To get information about pricing and fight confidentiality agreements, you need to find out the freedom of information legislation in your country. People have tried to find out about prices in New Zealand and Finland and not had all that much success with it. However, a few years ago others had quite a bit of success in the U.S. with the state universities.
SPARC: What kind of reaction have you had from this blog post and what’s next?
Gowers: A lot of people have been very interested by the information. My impression is that it is widely welcomed in the Open Access community and by librarians and those with a close interest in seeing the information released. I hope it will make a difference.
The next step for me is to try to encourage Cambridge not to sign up again for the Big Deal, and to work out how to get by without it. Of course, if just a few universities do this, then it won’t be enough to make Elsevier do anything about their prices. However, if a large fraction of universities no longer subscribe to the Big Deal, then it would start to have an effect on prices. It’s difficult to be the first, but if some high profile universities start the process, it improves the chances that a trickle will turn into a flood and things will finally change.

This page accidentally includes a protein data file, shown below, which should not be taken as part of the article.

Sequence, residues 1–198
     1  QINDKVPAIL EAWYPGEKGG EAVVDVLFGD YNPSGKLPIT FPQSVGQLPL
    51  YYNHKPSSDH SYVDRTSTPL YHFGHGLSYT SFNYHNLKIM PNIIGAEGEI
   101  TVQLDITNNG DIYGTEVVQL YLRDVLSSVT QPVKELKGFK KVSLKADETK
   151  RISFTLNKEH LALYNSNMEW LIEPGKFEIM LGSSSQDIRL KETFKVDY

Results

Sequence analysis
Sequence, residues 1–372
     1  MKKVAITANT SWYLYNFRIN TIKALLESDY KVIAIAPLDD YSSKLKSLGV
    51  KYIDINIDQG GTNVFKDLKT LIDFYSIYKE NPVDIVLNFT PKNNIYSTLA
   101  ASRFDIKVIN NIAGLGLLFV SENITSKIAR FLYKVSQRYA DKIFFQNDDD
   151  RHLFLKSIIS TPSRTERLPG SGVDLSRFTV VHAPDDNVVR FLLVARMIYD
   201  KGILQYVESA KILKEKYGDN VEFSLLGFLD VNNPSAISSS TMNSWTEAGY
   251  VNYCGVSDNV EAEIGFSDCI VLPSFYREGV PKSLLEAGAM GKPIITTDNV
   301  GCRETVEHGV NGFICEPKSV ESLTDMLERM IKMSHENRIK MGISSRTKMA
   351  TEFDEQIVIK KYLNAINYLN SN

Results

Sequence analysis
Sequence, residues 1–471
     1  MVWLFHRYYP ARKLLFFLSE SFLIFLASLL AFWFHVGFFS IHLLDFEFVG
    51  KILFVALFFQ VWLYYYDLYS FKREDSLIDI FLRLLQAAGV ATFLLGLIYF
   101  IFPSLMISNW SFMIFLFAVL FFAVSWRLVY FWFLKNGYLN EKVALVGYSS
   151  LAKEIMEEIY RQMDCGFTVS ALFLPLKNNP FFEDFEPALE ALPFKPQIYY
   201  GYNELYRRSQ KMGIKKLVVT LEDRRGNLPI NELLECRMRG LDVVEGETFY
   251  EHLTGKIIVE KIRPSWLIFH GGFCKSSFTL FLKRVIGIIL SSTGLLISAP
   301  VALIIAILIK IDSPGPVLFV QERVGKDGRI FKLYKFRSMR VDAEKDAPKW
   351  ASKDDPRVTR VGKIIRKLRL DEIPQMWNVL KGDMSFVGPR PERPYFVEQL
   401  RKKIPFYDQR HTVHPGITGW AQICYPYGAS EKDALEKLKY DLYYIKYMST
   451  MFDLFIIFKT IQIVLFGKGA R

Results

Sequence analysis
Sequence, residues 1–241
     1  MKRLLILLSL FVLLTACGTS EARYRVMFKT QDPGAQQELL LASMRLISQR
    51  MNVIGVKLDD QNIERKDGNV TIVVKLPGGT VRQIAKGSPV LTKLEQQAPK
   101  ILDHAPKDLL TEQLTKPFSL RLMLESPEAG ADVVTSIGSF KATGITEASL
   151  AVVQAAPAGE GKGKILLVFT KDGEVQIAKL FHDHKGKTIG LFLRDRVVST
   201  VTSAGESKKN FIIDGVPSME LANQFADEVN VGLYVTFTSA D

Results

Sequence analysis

I think change will continue to be slow for a while. But my guess is that at some point in the future the current system will collapse. I hope that by making this effort I can help this collapse to happen sooner. It seems extraordinary that we have the system we have when the Internet makes it so easy to communicate our work and we are paying such a lot for journals. This does not feel sustainable in the long term, even if for now there are a number of mechanisms in place to sustain it. Once those mechanisms are dealt with, the ensuing change is likely to be very rapid.
Related: March 2012 Interview– A Look Inside the Boycott of Elsevier: A Q&A with Tim Gowers and Tyler Neylon